October 2023 StartNOW Challenge: Week 4
Welcome to the 4th and final week of the StartNOW challenge this year!
This week, we continue our examination of energy consumption, focusing on work-related travel and transportation. Globally, energy use is responsible for a staggering 73.2% of greenhouse gas emissions, with transportation contributing 16.2% (1). Within this segment, road transport, including cars, trucks, motorcycles, and buses, is the major emitter, with passenger travel and freight accounting for distinct portions. Other transportation modes such as aviation, shipping, rail, and pipelines also play a role, and emissions are notably influenced by class divisions on flights. Long-haul flights see significantly higher carbon emissions in business and first class due to greater space per seat and the energy-intensive take-off phase.
Moreover, we acknowledge that emissions come from various sectors, with energy generation being the most significant. Each source requires unique mitigation approaches, given their diverse processes and technologies. Our exploration aims to shed light on these complexities, fostering informed discussions and sustainable solutions.
Emissions from different modes of transport
“Transport: 16.2% Road transport (11.9%): emissions from the burning of petrol and diesel from all forms of road transport which includes cars, trucks, lorries, motorcycles and buses. Sixty percent of road transport emissions come from passenger travel (cars, motorcycles and buses); and the remaining forty percent from road freight (lorries and trucks).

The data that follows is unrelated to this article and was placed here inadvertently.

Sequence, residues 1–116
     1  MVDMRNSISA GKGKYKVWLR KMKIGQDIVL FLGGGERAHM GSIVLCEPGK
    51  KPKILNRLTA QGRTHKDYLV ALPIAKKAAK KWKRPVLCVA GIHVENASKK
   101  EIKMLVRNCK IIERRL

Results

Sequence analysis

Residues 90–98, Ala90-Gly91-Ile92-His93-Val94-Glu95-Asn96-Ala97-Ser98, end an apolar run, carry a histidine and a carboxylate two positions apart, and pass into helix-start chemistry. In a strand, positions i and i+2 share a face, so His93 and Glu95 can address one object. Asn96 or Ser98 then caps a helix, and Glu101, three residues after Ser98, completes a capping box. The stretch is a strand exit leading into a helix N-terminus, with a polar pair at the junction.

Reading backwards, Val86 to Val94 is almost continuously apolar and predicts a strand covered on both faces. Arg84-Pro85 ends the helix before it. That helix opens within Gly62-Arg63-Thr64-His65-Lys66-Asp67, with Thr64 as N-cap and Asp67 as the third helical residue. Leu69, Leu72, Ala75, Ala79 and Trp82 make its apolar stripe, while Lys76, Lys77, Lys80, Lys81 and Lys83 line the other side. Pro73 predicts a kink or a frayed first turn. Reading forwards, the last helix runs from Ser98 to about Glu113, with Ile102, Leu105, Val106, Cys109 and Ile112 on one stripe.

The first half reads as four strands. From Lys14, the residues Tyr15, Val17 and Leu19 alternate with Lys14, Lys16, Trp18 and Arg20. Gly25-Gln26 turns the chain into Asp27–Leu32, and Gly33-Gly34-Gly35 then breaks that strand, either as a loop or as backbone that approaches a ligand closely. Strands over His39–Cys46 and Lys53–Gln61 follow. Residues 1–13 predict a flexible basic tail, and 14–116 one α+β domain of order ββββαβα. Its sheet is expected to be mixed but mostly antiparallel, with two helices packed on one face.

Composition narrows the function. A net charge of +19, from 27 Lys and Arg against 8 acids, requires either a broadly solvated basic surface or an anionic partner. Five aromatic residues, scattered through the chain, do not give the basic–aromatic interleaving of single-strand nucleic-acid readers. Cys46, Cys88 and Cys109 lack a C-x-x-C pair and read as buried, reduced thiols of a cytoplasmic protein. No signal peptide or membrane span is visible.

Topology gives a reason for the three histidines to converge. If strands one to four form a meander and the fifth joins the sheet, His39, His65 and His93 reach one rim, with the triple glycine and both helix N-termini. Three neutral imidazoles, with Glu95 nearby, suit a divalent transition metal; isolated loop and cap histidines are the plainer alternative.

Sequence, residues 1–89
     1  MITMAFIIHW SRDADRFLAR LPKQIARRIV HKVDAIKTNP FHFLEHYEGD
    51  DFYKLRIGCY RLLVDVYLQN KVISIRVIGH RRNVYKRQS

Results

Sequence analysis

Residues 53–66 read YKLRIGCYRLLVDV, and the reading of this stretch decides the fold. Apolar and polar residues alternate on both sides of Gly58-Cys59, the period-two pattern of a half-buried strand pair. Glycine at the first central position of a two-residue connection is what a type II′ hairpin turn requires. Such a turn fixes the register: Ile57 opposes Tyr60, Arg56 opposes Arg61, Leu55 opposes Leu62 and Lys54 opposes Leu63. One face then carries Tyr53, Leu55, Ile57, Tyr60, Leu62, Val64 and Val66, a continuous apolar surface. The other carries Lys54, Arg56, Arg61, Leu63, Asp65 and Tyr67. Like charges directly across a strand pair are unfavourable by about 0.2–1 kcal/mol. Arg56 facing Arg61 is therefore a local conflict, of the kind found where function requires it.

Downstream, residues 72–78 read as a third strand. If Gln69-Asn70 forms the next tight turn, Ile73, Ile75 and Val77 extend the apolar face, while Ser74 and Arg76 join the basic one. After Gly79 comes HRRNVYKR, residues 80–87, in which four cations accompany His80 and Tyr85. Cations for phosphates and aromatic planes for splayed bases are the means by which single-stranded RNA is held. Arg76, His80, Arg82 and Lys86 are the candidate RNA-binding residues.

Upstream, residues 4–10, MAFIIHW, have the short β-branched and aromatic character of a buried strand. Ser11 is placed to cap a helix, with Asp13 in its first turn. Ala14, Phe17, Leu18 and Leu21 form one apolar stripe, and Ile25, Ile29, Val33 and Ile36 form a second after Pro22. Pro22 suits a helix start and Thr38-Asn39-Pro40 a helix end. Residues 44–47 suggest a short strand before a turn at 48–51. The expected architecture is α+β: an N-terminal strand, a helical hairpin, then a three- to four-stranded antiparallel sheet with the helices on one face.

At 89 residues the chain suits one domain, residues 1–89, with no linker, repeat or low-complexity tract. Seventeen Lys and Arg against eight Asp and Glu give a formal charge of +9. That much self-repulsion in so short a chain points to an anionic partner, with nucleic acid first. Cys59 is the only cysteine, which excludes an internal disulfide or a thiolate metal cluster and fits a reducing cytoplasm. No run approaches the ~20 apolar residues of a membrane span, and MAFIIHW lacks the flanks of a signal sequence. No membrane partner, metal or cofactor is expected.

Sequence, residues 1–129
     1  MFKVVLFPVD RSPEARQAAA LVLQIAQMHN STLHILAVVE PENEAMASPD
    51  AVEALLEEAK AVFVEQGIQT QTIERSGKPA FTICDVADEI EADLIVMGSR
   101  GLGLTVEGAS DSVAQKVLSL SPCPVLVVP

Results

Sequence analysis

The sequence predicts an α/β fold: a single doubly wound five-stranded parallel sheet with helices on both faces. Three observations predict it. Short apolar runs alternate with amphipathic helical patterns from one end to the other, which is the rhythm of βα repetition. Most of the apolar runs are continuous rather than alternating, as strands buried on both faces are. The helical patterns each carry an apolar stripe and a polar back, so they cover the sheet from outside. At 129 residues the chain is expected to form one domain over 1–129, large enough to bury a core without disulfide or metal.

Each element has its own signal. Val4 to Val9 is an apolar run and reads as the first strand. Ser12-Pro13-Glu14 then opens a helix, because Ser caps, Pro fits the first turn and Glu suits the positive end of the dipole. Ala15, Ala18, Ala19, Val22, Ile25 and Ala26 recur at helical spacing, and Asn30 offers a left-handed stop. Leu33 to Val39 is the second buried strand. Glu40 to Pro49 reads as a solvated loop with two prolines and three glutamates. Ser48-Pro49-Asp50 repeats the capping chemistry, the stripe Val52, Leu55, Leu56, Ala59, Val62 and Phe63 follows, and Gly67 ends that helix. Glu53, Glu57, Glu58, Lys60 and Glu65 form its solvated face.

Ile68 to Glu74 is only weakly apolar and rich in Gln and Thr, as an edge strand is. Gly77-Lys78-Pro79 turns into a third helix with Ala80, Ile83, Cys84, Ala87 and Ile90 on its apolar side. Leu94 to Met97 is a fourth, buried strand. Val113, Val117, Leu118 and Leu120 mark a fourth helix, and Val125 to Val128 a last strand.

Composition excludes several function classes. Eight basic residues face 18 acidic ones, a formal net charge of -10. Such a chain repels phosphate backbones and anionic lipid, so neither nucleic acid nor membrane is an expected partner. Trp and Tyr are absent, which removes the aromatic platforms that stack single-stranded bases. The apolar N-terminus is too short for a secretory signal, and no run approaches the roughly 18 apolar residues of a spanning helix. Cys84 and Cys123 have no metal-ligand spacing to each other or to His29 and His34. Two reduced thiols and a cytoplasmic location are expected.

This means that, if we could electrify the whole road transport sector, and transition to a fully decarbonized electricity mix, we could feasibly reduce global emissions by 11.9%.”
The remaining portion of the 16.2% emissions from transport come from aviation, shipping, rail and pipeline.
“The flight figures in the table are for economy class. For long haul flights, carbon emissions per passenger per kilometer traveled are about three times higher for business class and four times higher for first class, according to the Department for Business, Energy and Industrial Strategy (BEIS).
This is because there's more space per seat, so each person accounts for a larger amount of the whole plane's pollution. Taking off uses more fuel than cruising. For shorter flights, this accounts for a larger proportion of the journey. And it means lower emissions for direct flights than multi-leg trips.”(2)
“Several activity sectors contribute to the emission of greenhouse gasses, with energy generation the most significant. Each source of carbon emission is the outcome of specific processes and technologies that cannot be collectively addressed.
For instance, carbon emissions derived from electric power generation based on fossil fuels (coal or gas) cannot be mitigated in the same manner as carbon emissions related to the manufacturing of cement.” (4)